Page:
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Bringing Strangers into the Project

 

Project Business Management

SERIES ARTICLE

By Oliver F. Lehmann

Munich, Germany

 


 

“An organization’s ability to learn, and translate that learning
into action rapidly, is the ultimate competitive advantage.”
Jack Welch

Summary

Project management is changing from an internal cross-functional discipline into a cross-organizational business discipline. Project managers today must ever more tap the assets of other business entities, such as vendor companies and freelancers and turn them into project resources to develop the project performance and agility that internal resources alone can no longer deliver.

The lack of education and literature on the topic makes this transformation very difficult for the people involved and bears the risk of costly errors.

 

Delphine’s Story

In my last article[1] in the Project Business Management series in PM World Journal, I told the story of Jack Miller, who had changed job. So far, he had been doing internal projects, but his new employer was a company that generates its income through customer projects, and Jack was surprised at the vastly different requirements that he needed to meet, and for which he was not prepared at all.

Jack had a colleague and friend over many years, Delphine Smith[2], who stayed in the company, when he had to leave.

In the following months, Delphine also saw major changes happening to her work; changing from doing cross-functional projects with internal projects to cross-corporate projects with external resources. In essence, she experienced the same story but from a different standpoint and if only she had been prepared for the changes to come, she would have been able to cope with them, but she was not.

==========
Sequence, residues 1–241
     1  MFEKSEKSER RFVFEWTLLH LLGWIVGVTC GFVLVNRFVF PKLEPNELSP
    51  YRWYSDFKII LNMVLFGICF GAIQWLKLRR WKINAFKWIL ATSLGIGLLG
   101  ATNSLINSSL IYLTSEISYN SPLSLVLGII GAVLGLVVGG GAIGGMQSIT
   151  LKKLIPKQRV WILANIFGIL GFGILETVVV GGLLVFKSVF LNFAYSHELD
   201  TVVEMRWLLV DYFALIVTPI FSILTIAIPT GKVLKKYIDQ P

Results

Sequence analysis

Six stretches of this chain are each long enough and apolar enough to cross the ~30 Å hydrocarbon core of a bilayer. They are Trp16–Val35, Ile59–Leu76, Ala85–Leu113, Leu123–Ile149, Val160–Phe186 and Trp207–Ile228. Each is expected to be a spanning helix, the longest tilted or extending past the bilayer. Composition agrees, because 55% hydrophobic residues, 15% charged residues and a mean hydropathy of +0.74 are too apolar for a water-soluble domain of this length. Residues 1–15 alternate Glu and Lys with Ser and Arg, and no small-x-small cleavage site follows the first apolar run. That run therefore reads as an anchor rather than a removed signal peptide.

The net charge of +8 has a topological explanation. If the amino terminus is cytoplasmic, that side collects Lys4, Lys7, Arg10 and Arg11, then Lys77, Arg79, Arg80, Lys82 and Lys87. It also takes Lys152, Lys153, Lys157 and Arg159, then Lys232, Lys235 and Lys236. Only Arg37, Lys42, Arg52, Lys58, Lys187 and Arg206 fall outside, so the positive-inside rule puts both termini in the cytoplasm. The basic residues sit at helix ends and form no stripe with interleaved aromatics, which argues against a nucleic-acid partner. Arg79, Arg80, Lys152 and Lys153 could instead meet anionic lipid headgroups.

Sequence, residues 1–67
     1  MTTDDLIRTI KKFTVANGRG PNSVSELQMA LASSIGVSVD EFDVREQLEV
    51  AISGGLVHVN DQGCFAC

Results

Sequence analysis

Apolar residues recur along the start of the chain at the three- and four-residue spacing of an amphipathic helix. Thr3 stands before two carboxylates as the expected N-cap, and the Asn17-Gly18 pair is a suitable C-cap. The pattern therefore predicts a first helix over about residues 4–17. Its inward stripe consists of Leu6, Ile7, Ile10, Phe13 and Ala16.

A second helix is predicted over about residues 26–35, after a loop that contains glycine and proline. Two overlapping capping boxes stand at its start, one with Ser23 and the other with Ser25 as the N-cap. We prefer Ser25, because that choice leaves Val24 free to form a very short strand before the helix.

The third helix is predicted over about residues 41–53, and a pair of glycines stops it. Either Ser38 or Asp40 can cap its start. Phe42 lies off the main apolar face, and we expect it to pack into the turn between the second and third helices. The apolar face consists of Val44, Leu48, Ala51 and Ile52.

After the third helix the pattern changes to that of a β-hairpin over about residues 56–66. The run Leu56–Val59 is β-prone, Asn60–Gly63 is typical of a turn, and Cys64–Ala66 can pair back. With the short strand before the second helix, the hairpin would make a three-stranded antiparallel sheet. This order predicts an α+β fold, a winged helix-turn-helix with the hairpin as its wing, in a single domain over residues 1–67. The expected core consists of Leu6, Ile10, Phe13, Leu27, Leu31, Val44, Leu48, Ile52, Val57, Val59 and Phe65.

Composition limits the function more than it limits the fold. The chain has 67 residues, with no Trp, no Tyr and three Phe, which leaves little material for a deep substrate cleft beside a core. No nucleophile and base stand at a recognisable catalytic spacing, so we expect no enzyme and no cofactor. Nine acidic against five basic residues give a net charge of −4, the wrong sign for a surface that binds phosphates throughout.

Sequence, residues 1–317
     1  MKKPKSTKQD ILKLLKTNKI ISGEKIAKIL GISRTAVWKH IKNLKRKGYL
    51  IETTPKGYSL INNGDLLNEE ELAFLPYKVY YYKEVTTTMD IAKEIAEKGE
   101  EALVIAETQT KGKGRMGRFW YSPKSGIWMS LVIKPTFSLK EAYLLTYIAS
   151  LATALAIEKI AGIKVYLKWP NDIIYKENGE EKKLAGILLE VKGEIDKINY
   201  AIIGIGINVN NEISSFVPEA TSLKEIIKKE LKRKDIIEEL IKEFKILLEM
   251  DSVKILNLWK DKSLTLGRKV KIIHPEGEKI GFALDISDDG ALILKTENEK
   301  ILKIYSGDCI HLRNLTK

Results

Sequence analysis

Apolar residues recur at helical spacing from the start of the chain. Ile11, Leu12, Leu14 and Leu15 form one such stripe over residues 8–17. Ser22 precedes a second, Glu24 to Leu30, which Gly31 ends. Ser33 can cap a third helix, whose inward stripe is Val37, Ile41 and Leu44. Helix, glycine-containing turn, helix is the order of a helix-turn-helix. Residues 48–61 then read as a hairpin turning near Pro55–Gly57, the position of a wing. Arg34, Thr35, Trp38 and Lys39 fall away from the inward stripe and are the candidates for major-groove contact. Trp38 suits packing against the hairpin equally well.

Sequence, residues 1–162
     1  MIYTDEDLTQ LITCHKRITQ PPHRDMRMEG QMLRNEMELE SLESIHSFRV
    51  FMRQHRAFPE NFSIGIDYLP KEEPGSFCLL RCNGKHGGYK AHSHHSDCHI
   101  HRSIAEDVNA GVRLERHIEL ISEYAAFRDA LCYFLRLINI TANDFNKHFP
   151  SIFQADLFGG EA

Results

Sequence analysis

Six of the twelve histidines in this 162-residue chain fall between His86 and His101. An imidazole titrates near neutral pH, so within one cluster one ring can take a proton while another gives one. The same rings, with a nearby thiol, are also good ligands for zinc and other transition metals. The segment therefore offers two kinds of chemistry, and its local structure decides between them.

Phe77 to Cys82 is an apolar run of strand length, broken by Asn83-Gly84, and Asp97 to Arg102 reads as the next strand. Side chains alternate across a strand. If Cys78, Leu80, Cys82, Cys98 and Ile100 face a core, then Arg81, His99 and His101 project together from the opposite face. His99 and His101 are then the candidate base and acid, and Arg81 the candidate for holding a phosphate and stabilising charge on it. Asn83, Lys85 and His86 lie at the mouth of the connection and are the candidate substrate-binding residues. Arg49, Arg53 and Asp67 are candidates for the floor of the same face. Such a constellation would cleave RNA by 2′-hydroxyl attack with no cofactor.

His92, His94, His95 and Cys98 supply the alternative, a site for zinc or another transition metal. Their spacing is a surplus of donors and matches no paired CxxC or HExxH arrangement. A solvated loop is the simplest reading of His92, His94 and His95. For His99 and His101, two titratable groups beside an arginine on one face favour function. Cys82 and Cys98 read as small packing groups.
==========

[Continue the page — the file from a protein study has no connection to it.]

The Trend Towards Buy over Make

In previous articles in the Project Business Management series, I showed that there is an observable trend from internal projects to projects under contract. In a growing number of projects,  two or more organizations work together to achieve the project results, commonly in customer-contractor business relationships, in which the contractor does work for the customer and gets paid in return.

This development splits the project management discipline into two groups:

  • Project manager on customer side, using external resources and paying for them.
  • Project managers on contractor side, whose job it is to bring money home with projects.

Figure 1: The trend from internal, cross-functional project management to cross-organizational project business management doubles (or multiplies) project manager functions.

Figure 1 depicts this split inside the profession as a consequence of the trend towards customer projects.

The two types of project managers have to meet different requirements:

  • The first type of project managers takes over internal projects and procures the services from vendors. They must ensure that the support from the vendors is what is expected and that inside a project supply network (PSN), all parties follow a principle of “Completing over competing”, acting as partners, not as parties.